TLI Explains: Lok Sabha Passes Bill Allowing Proxy Voting For NRIs, Is It A Good Move?
The Logical Indian Crew India
August 16th, 2018 / 12:00 PM
Image Credits: DD News
The Lok Sabha, last week, by a voice vote passed a bill that seeks to amend the Representation of the People Act, 1951. The bill, if passed by the Rajya Sabha in its winter session is going to allow Non-resident Indians (NRIs) to exercise their franchise by the virtue of proxy voting.
The Representation of the People (Amendment) Bill 2017 will allow NRIs to cast their votes without physically travelling back to India. Till now, only the Indian defence personnel and servicemen are allowed to do the same. According to the estimates of the ministry of external affairs, there are about 3.10 crore NRIs. However, the number of NRI voters who are on their constituency’s electoral roll is only 24,507.
The move was in the works for some time now. The Supreme Court in 2014 had asked the Election Commission of India to submit a report on the voting rights of Indians living abroad after three writ petitions were submitted by NRIs between 2013 and 2014. After the Lok Sabha elections of 2014, the EC constituted the ‘Committee for Exploring Feasibility Of Alternative Options for Voting By Overseas Electors’ which submitted to the Supreme Court in 2015. Reportedly, during the process of consultation, all major political parties except the BJP had opposed the idea of allowing proxy voting by stating that it would give rise to malpractices. The bill in question was passed by the cabinet in 2017 which then went for discussion in the Parliament.
How will this move benefit the NRIs?
India undoubtedly has a large number of its population living outside the nation, who are unable to practice their franchise because of geographical constraints. They contribute significantly to the Indian economy and such a move is going to give such Indians a voice in the decision-making process of the nation. Welcoming the move, Dr Shamsheer Vayalil, UAE-based doctor and chairman of VPS Healthcare told the Economic Times, “It has been a long process through court hearings and lobbying by many people. But at last, we get the feeling that the Indian government is taking us seriously and listening to our voices. Across all political dispensations, no one is opposed to giving NRIs the right to vote.” He was also one of the NRIs who filed a petition in 2013, seeking e-voting rights for overseas Indians.
Speaking along similar lines, Suhas Bhat, an NRI told The Logical Indian, “Non-resident Indians continue to have a desire to contribute to the country but if they can’t get a chance to take part in deciding who’s in the government then that link becomes weaker.”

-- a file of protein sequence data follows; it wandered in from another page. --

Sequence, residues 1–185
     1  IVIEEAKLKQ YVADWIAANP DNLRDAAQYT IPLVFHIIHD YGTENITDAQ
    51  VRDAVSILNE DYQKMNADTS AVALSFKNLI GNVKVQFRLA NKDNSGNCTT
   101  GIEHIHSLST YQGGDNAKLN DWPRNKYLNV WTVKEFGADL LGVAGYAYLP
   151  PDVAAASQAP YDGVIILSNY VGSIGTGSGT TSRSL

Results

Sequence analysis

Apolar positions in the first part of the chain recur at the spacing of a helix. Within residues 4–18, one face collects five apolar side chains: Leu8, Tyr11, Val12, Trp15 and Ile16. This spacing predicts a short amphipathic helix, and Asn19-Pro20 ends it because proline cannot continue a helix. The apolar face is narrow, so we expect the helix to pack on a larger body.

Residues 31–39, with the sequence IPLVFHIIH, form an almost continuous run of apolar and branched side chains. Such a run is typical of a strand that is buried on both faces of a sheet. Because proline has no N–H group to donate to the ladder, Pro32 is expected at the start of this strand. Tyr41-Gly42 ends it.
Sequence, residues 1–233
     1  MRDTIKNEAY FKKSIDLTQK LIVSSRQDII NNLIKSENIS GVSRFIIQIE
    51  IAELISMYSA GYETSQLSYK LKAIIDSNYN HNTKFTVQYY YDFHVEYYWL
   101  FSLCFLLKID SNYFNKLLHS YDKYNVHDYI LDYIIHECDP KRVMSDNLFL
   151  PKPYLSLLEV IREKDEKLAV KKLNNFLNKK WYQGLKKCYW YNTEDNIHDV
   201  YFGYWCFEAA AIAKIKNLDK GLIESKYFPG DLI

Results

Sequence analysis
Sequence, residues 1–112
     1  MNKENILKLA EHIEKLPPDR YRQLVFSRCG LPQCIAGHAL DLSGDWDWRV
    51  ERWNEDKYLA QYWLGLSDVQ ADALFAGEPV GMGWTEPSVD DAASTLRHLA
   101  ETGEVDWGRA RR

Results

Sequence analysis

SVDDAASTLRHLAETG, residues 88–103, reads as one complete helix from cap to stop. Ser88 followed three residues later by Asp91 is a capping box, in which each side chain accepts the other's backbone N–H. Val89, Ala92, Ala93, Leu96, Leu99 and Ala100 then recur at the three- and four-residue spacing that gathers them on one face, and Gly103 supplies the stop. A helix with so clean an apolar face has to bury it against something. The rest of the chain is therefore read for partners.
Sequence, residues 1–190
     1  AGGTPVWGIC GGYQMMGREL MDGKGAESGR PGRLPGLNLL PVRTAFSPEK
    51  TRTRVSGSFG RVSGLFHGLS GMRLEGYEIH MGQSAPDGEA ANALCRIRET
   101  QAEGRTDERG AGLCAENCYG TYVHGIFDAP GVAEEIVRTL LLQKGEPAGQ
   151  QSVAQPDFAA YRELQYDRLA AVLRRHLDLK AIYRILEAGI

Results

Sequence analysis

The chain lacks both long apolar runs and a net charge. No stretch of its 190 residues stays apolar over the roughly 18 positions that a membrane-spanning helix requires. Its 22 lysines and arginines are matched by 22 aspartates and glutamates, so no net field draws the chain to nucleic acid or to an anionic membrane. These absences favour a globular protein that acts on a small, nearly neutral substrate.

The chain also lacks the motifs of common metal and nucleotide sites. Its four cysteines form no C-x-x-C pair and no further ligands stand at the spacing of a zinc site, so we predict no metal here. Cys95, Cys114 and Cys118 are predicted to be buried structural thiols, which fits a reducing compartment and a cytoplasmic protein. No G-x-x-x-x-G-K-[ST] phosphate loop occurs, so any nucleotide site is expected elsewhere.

Why is NRI Proxy voting being criticised?
While millions of Indians are hopeful that this will pave their way for voting in the upcoming elections, the move comes amidst a number of criticisms. The vulnerable nature of the process of using a proxy and the loss of secrecy while using the mechanism are the two points which are being raised by the critics. Former Chief Election Commissioner TS Krishnamurthy told BloombergQuint, “The law protects the privacy of a voter. The amendment would violate the secrecy of the voter’s choice.” Members of other parties in the Parliament too criticised the move.
Free and fair voting is the right of every individual of the country, however, the method of proxy voting might render that null and void as the proxy voters might not choose to cast their votes according to the will of the NRI who assigns the proxy. This might also pave the way for gross misuse and violation of electoral norms. While the Congress held that voting in person was the only way to curb malpractices, according to Economic Times, BJP unanimously held that allowing proxy voting is best suited due to logistical problems that e-voting brings with itself. Moreover, the Indian diaspora abroad is spread in different parts of the world, which will pose an implementational challenge when it comes to proxy voting.
The critics have also raised questions about the possibility of the ruling party trying to capitalise on their popularity wave overseas. Moreover, some voter rights advocacy groups have said that measures should be taken to empower the poor migrant workers in India who are unable to exercise their franchise because they can’t afford to go back to their home state and vote. These poor migrant workers are estimated to be around 40 crores in number.
While this move seeks to empower lakhs of citizens who are living abroad, the authorities need to take into account the possible misuse of the mechanism and use safeguards to prevent the same.
Written by : Sromona Bhattacharyya
Edited by :